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Dr. Charles Allan McCoy


Assistant Professor of Sociology

My research is concerned with the development of public health, specifically the formation of national systems of disease control. I am interested in how a state’s disease control strategies influences how it relates to its citizens and the type of power it is able to exert over their lives.

I have examined the development of disease control through tracing the state response to outbreaks of disease in the United States and the United Kingdom from the 19th century to the early 20th century. I describe how the scientific theories that existed when each country started to form its system of disease control and where in the state apparatus disease control is located helped shape how each country developed, over time, its own style of controlling disease. I have used this historical data to understand the differences in how the US and the UK respond to contemporary biological threats like SARS, avian flu, swine flu, and most recently Ebola.

I have presented my work at academic conferences, published essays in the popular press, such as the Philadelphia Inquirer and the Burlington Free Press, and academic journals.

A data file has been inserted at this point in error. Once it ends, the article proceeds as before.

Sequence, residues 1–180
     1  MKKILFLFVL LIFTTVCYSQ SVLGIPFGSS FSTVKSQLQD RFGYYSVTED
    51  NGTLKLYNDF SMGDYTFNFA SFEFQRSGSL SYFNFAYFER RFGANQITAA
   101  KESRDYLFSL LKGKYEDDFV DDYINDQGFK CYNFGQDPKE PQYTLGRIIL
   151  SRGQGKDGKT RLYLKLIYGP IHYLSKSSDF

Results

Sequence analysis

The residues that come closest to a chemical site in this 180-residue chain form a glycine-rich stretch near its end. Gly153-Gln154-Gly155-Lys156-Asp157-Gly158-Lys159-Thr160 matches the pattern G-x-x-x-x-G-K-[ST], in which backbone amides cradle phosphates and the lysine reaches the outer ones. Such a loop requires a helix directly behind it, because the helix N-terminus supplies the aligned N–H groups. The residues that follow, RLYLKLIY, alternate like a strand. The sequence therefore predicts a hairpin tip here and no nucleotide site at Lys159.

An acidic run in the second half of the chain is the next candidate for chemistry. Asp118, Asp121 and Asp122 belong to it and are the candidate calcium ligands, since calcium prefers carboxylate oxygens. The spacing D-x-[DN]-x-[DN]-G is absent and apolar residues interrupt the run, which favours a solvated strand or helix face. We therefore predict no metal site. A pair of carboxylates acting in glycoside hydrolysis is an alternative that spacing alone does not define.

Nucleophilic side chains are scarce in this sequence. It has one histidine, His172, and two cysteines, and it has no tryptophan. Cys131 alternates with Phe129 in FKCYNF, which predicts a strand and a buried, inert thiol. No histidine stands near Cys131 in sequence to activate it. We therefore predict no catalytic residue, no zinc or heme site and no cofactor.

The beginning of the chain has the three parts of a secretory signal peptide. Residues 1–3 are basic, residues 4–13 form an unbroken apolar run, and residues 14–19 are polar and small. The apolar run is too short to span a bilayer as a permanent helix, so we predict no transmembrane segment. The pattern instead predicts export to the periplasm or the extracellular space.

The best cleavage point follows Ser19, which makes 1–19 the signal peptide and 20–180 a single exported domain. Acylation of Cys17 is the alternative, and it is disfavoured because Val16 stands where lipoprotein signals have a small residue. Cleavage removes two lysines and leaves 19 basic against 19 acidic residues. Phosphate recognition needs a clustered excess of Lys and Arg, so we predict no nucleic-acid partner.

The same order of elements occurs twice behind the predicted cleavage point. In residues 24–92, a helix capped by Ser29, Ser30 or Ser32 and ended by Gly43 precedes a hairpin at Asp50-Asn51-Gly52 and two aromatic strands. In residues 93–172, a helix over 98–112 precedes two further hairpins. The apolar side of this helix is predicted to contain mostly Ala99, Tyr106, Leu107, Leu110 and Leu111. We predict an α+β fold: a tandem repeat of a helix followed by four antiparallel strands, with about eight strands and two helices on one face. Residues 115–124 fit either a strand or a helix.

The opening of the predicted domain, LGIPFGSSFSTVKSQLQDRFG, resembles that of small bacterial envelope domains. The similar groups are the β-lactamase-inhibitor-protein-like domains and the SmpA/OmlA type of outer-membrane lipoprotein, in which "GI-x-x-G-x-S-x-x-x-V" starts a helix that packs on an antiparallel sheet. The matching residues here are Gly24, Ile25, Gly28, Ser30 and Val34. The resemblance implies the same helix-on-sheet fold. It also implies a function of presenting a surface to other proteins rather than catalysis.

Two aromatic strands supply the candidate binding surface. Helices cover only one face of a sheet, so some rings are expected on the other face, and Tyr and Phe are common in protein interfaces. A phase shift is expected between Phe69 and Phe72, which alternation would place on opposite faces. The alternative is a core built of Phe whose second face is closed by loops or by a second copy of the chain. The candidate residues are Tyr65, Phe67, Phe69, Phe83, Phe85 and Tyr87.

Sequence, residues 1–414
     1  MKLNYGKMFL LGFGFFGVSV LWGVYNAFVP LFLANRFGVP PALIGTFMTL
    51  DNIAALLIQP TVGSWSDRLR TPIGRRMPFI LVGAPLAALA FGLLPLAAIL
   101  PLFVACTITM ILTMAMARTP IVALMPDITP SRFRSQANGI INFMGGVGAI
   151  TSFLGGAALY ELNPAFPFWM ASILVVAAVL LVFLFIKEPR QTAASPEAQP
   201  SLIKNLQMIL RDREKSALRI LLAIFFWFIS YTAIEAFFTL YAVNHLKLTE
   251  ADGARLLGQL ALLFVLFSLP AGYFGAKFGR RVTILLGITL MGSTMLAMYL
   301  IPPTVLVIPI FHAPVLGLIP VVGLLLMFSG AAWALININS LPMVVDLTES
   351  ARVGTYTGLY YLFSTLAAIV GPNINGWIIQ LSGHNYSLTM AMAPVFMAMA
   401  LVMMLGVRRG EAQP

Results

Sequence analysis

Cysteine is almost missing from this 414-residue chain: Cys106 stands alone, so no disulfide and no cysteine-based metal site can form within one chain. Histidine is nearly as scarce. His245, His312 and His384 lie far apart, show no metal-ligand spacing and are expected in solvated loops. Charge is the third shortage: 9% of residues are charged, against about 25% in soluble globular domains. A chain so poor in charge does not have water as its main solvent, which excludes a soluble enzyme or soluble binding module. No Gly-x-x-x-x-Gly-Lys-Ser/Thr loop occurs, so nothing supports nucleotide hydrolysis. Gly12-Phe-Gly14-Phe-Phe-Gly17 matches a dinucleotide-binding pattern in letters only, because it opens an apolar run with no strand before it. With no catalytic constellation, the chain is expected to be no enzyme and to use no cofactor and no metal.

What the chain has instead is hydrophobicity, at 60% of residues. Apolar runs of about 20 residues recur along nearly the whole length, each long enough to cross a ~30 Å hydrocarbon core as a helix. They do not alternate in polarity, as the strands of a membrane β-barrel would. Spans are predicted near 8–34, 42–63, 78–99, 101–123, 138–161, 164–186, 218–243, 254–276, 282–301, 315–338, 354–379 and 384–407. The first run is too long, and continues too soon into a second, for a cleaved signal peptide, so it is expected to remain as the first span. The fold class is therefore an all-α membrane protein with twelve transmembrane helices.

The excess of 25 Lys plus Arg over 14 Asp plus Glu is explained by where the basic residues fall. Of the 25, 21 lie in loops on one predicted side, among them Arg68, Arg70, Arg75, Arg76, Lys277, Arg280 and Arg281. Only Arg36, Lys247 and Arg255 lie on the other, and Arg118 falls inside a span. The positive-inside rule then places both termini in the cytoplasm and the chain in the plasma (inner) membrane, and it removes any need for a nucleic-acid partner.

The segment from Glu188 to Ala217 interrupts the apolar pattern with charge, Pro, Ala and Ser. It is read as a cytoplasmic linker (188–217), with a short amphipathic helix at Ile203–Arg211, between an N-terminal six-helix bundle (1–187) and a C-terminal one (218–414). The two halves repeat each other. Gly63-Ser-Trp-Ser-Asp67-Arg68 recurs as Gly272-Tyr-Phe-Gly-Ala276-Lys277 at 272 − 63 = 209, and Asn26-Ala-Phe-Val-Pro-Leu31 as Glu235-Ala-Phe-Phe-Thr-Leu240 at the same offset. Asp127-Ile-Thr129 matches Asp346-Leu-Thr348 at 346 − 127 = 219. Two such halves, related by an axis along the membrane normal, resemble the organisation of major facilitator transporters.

Education

  • Ph.D. in Sociology, University of Virginia, 2013
  • M.A. in Sociology, University of Virginia, 2008
  • B.A. in Philosophy, McGill University, 1999

Teaching Areas

  • Introduction to Sociology
  • Sociology of Health and Illness
  • Sociology of Aging and Death
  • Comparative-Historical Sociology

Research Areas

  • Medical Sociology
  • Comparative-Historical Sociology
  • Political Sociology
  • Sociology of Knowledge and Science
  • Sociology of Culture

Recent and Forthcoming Publications

  • “Ebola Quarantine based in the History, not the science, of Disease Control.” Burlington Free Press — Opinion section. Thursday, November 20, 2014.
  • “Emphasis on Bioterror can Limit Efforts Needed to Fight Viruses.” Philadelphia Inquirer — Opinion section. Sunday, December 15, 2013.
  • “Watching ‘Bad’ Television: Ironic Consumption, Camp, and Guilty Pleasures.” Poetics, Vol. 47: 41–59, December 2014 (with Roscoe Scarborough).
  • “Moral Reactions to Reality TV: Television Viewers Endogenous and Exogenous Loci of Morality.” Journal of Consumer Culture, In-press (with Roscoe Scarborough).
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